Rizhao, in the Shandong province of China, is home to an interesting tourist attraction. It’s a bamboo garden that has, well, a ton of bamboo. But besides the obvious, this bamboo wonderland is also a place to test your coordination and balance within a series of acrobatic courses. It’s beautiful. It’s creepy. It’s actually pretty entertaining.
Chinese symbols mark the bamboo near the entrance of the garden. I’m assuming these are the names of adventurers who wondered into the unknown before us.
Farther into the bamboo garden, it becomes eerie and shaded. The bamboo is so tall that it blocks out the sun’s light. By this point, it’s obvious that this isn’t a garden. It’s a forest.
An old well is dug near a pair of secluded bamboo houses in the middle of the forest. Talk about creepy. The people living here must really like their privacy.
I’m pretty sure these spiders were hired under contract to live here full-time just to make the forest seem even creepier. But seriously, this forest is home to some of the biggest spiders I’ve ever seen.
Further into the forest, you’ll find statues of The Seven Sages of the Bamboo Grove. During the third century CE, these learned men decided to ditch their positions as scholars and politicians to live a simple life of seclusion in the bamboo forest.
These sages engaged in Daoist-inspired music, poetry and discussions, often while inebriated. Today these men are a famous symbol of retreat from public life in both Chinese and Japanese culture.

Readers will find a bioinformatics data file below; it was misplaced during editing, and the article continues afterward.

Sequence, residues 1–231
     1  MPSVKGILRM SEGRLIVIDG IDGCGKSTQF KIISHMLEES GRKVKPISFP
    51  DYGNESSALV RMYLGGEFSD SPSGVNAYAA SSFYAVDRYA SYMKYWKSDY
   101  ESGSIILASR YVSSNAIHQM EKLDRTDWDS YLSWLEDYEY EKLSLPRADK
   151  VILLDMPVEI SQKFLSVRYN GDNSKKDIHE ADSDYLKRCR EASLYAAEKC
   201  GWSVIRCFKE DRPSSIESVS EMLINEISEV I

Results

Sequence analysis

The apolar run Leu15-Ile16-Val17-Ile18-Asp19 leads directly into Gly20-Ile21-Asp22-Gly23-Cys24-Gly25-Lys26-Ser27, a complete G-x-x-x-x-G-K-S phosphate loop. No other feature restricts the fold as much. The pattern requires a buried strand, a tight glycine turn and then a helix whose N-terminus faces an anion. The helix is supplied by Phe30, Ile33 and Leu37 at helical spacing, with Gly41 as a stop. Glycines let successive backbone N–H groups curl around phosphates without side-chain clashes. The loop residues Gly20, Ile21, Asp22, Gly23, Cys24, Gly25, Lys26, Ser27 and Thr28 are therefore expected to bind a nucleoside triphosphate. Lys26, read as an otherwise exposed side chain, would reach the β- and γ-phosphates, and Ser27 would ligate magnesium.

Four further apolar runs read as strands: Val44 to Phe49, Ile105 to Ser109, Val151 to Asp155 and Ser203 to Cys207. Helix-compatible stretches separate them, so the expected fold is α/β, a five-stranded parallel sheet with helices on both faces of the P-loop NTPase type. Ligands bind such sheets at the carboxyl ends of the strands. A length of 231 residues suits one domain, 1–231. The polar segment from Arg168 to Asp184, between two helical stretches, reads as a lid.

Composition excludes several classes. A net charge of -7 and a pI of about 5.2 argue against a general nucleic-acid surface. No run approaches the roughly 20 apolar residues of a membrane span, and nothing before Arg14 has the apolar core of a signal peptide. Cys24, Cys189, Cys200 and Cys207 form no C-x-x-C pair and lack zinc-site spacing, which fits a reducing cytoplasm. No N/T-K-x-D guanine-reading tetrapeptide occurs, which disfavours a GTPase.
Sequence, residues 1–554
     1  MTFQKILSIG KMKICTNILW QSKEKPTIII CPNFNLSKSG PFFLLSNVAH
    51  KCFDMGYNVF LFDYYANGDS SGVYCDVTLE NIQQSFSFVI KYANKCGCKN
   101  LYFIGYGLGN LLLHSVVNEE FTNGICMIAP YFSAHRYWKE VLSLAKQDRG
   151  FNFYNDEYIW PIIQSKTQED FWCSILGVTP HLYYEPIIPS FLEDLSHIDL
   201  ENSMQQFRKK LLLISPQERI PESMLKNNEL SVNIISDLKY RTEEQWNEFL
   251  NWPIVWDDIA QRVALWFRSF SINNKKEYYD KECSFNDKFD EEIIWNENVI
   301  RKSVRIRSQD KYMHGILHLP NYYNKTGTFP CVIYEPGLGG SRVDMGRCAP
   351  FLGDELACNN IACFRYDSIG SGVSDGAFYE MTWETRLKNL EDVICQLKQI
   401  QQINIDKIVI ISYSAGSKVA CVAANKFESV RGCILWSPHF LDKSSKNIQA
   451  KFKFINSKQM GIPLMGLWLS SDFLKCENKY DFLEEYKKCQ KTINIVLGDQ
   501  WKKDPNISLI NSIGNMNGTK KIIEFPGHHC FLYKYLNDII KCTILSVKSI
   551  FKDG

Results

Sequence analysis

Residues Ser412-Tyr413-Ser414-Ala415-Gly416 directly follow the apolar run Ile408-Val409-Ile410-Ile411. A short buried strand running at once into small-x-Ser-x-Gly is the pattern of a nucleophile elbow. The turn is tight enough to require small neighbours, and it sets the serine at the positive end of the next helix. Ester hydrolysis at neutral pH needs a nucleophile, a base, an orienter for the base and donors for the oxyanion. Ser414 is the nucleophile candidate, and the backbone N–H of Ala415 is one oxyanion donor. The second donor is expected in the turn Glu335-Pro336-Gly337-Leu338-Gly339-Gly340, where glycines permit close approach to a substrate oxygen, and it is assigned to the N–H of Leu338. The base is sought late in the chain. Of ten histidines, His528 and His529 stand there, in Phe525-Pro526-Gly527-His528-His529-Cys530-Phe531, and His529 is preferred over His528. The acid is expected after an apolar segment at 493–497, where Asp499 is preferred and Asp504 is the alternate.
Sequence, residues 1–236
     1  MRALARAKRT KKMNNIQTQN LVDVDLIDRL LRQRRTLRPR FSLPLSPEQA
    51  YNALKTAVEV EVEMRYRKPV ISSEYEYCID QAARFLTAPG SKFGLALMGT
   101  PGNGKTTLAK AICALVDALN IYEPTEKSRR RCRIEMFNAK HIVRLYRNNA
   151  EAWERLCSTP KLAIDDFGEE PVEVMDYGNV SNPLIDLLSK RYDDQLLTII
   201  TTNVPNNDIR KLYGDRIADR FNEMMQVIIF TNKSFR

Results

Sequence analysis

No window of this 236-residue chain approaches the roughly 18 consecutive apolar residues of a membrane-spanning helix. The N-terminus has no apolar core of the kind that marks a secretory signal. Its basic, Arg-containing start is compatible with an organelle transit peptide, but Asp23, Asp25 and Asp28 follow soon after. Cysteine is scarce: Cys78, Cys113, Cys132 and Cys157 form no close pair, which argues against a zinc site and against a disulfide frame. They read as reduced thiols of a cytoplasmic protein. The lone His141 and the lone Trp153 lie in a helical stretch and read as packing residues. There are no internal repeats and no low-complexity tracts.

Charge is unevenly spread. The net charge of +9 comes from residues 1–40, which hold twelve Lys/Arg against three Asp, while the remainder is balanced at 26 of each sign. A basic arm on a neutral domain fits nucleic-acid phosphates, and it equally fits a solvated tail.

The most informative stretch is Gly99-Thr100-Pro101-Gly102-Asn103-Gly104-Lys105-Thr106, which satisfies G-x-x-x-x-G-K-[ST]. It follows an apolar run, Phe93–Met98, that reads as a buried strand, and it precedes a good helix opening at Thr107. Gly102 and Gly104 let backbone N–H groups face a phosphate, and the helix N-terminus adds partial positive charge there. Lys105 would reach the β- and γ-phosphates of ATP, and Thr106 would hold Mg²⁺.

Further into the forest is a place called “bird’s paradise.” It houses an impressive collection of peacocks, including a rare white peacock.
And then it appeared out of nowhere. A bamboo-inspired course to test one’s balance and strength. Aside from the ropes and chains, the course was constructed entirely out of bamboo.
This is the stuff I live for: being put to the test after coming upon an impromptu balance course in the middle of a bamboo forest. I only wish there were more people around to witness my ninja prowess! If they kept track of this sort of stuff, I would surely be the bamboo course record-holder.
The bamboo garden, or “bamboo land” as I like to call it, was an interesting adventure. At first I was skeptical, but after exploring the entire forest in all of its creepiness, I was pleased with the bizarre combination of bamboo, birds and balance tests. For 40 yuan ($6.50), it was a fun, cheap way to spend an afternoon.